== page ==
By Ruvesen Naidoo
In the world of live performance, there are times when fate gleefully plays tricks on even the most prepared reviewers. Little did I know that the frustration that I experienced at a cancellation on Monday was merely the curtain-raiser for a series of comically unfortunate events, as three more shows followed suit throughout the week. Just to be clear – I am not romanticising the cancellation of shows, just unveiling the truth behind the enigma of cancelled shows, particularly when deadlines loom and the duty of a reviewer beckons.
With an air of excitement, I ventured towards the illustrious Great Hall to watch Ubukho. I braved the biting cold that seemed to stretch time itself, adding a layer of annoyance to my anticipation. The absence of a crowd should have served as an ominous clue, but I persisted, clinging to hope as I waited. Finally, the venue manager, in their moment of truth, revealed to the tiny gathering of three souls that the show had been unceremoniously cancelled. In hindsight, perhaps it was a stroke of luck. For in a venue populated by a mere trio, the show’s cancellation spared us from a performance that might have felt akin to an unintentionally intimate affair.
The cold weather brought on a sense of deja vu. As I made my way to St. Andrews Hall, yet again, brimming with anticipation for the captivating performance of John the Baptist. To my dismay, the venue stood eerily vacant, devoid of any signs of life. It appeared as though my prediction of being the sole occupant of the audience was about to come true, leaving me to face the daunting task of crafting a review from a lonely perspective. As expected, the manager approached me with a familiar apologetic tone, revealing that the show had fallen victim to transport mishaps faced by the cast. At this point, the disappointment washed over me with an unsurprising familiarity, echoing the tune of Monday’s letdown.
Fortunately, I was spared the trek to the venue to discover the news that Rendzo the Journey had been cancelled. By now, my colleagues had grown accustomed to my recurring tale of cancelled shows when they inquired about my reviews from the previous day, turning it into a running joke.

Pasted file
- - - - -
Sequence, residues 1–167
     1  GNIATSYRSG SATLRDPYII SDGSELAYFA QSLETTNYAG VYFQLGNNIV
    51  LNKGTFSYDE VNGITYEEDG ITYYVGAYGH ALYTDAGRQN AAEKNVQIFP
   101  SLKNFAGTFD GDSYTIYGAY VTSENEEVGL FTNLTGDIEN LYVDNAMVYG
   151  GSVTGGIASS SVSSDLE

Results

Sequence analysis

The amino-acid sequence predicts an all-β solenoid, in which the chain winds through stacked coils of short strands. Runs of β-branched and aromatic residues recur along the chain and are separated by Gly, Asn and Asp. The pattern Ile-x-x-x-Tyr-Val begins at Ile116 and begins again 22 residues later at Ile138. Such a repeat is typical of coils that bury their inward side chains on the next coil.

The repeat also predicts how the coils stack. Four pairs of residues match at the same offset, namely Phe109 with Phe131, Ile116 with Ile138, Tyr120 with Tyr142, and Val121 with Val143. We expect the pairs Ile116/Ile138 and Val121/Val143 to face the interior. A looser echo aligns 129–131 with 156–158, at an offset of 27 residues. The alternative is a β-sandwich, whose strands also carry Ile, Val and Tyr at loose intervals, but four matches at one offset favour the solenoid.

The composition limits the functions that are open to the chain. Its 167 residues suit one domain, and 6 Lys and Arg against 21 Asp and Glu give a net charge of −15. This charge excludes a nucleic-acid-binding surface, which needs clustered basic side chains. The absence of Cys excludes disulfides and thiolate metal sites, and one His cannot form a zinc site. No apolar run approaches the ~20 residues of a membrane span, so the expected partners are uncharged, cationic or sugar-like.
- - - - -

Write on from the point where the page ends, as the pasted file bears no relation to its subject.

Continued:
I approached the entrance of St. Andrew’s yesterday, playfully entertaining the thought of yet another show cancellation. To my surprise, the venue gates stood firmly closed, seemingly confirming my lighthearted prediction. Today’s plan was to enjoy the humour of 3rd Generation Coconut, a comedy show that promised abundant laughter. Little did I anticipate that this one too would fall victim to the fickle hands of fate, resulting in yet another cancellation or, rather – as was later discovered – a sudden venue change that didn’t appear on the programme.
On my way out, I crossed paths with two fellow Festival-goers who, like myself, had anticipated a delightful viewing experience. They turned to me for suggestions on alternative shows to salvage their day. Recognising this as an opportune moment to promote Cue, I eagerly directed them to read the insightful reviews of shows still running. Amidst the chain of cancellations, I found solace in transforming this day into a valuable marketing opportunity for our publication.
In the realm of reviewing, amidst the vanishing acts and disappearing spectacles, I managed to catch a glimpse of some actual performances, and against all odds, had an absolute blast at this year’s National Arts Festival.